Media challenged to be gender sensitive

Women's Coalition of Zimbabwe


SENSATIONAL tabloid journalism has been slated for its accusatory tone and shaming women especially in domestic disputes.

The trend – prevalent among local tabloids, was condemned for pushing back progress on the gender narrative in the media.

During free and candid engagements local scribes noted that screaming headlines projecting some women as husband snatchers or labeling some as small houses to attract readers skew narrative against females Manicaland journalists said during a Women’s Coalition of Zimbabwe (WCOZ) media training webinar in Mutare this week.

“For tabloids like HMetro and others I think the media has been caught offside in denigrating women to sell papers sometimes.

“We have some statements that we throw in our stories like “hubby snatcher” or “small house”. I feel these give the reader a negative vibe even before they read the whole story.

“Instead of focusing on the real story, we have already put the woman on the offside,” said one female journalist who cannot be named for professional reasons.

Kenneth Matimaire an award-winning freelance journalist contends that part of the problem lied with the gender dynamics in newsrooms.

There is also need of women in editorial positions. Most newsrooms are controlled by men… so this has an impact on the output of articles,” Matimaire said.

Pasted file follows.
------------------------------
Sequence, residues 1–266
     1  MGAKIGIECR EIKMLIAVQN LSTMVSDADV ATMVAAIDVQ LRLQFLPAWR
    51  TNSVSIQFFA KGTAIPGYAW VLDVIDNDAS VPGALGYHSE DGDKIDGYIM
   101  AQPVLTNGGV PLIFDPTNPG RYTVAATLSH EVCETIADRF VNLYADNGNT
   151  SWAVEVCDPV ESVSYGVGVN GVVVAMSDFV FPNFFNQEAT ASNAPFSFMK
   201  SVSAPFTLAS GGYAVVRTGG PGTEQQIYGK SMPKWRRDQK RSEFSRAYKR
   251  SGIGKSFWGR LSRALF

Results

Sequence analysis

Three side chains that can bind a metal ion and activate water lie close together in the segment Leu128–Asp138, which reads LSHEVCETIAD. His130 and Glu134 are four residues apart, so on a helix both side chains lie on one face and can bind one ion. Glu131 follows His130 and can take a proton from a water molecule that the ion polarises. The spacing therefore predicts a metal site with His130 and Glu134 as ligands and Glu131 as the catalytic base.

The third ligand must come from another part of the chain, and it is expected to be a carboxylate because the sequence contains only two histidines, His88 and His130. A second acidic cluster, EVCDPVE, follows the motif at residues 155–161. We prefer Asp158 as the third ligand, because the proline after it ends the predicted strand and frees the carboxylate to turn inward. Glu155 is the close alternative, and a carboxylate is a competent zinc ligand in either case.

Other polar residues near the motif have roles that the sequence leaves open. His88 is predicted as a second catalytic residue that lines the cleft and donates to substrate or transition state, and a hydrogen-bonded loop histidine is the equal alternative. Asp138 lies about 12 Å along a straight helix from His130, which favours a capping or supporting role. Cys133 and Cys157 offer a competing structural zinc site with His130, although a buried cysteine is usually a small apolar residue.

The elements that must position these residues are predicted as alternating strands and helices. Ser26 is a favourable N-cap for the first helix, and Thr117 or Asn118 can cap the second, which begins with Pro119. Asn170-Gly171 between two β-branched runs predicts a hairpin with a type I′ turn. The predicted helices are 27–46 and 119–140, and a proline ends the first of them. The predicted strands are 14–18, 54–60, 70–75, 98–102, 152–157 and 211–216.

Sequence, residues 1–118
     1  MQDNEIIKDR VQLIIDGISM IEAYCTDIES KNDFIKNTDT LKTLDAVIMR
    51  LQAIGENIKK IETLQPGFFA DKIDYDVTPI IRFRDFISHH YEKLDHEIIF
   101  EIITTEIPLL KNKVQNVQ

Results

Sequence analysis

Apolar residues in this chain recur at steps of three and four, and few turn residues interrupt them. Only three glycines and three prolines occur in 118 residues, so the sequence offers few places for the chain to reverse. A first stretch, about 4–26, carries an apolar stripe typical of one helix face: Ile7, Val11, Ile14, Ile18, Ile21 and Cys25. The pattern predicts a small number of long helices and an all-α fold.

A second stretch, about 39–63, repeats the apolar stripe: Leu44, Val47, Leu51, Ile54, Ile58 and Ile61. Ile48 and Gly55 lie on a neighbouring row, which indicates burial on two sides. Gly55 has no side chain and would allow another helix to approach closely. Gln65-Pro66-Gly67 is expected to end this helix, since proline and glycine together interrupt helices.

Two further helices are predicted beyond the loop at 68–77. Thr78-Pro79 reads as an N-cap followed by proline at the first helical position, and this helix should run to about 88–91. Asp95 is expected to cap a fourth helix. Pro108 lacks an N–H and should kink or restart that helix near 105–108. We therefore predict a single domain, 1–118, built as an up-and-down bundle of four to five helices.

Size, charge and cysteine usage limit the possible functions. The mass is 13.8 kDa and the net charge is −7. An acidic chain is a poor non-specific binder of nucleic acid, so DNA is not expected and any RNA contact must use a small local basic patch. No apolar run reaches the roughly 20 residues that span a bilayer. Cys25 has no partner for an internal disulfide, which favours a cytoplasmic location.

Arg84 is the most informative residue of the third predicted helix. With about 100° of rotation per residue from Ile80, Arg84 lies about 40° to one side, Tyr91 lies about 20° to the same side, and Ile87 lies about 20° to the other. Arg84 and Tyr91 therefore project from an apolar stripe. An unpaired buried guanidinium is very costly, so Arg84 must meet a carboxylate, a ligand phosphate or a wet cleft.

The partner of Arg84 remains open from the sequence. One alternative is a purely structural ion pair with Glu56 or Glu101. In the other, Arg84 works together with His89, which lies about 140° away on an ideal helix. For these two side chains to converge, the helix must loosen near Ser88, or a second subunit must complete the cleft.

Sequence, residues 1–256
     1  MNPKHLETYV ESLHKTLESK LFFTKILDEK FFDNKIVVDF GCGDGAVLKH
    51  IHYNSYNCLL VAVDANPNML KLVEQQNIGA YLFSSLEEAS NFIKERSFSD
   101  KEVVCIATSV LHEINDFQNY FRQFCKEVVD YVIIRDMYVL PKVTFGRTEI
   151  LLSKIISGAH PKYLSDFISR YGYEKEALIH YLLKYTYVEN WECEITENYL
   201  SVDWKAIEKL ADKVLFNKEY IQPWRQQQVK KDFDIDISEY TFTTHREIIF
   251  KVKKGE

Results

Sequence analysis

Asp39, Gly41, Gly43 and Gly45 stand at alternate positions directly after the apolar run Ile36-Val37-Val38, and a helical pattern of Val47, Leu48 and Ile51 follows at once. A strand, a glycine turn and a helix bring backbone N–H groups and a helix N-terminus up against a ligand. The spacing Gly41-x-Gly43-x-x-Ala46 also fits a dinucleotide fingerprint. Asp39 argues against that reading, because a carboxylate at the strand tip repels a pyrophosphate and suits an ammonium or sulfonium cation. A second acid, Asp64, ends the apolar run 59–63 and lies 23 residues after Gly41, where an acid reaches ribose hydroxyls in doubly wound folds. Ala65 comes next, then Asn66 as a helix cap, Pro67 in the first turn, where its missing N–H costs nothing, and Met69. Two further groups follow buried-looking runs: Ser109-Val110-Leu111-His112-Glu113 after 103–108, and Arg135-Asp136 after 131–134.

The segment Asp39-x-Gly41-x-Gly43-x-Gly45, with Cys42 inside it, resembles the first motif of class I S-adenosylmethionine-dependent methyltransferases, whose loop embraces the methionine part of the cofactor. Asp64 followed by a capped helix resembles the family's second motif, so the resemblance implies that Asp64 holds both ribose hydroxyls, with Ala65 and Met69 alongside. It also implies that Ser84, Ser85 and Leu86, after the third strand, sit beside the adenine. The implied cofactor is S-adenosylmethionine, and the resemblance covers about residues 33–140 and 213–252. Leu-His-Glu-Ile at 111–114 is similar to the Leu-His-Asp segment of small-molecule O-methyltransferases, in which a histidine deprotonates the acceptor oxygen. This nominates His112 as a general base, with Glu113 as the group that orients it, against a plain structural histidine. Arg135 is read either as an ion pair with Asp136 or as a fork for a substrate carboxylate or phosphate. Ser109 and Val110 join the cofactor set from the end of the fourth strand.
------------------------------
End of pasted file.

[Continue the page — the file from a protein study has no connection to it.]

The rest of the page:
This was in part blamed on an over-dependence on gender stereotypes was giving women bad press even where men would be even be more liable for blame.

National Non-Governmental Organisation (Nango) Manicaland coordinator Joseph Kauzani implored the media to use gender sensitive language as part of efforts to deal with stereotypes.

“Firstly, I want to comment on the issue of gender sensitive/neutral language so that there is a fair portrayal of women and men thru the elimination of stereotypes. this also involves selection if sources and stories.

“Journalists should revisit ethics of journalism so that there is accuracy, fairness and honesty in their coverage,” Kauzani said.

Journalists also bemoaned the reluctance of women to engage the media and be quoted for their views as a huge drawback in claiming their space in the media.

Evidence Chenjerai a reporter with Global Press Journal said some women would even bar journalists from reporting on issues and decline to be named leaving men to dominate the narrative.

“Women suffer in silence in most cases… but they will still ask you to not write about them and what they said and at the end of the day you end up with a story that has comments by men on women issues,” Chenjerai said.

A senior reporter with one of the country’s leading daily newspapers Rumbidzai Zinyuke however said more women are increasingly opening up even in issues that are not gender-related but journalists will need to make an effort to find them.

“We have more women who are coming on board and are willing to be quoted on issues not only to do with gender and women empowerment, but also on the economic development and politics.

“The voices might be few but we need to find them and give them a chance,” Zinyuke said.

/Ends. /


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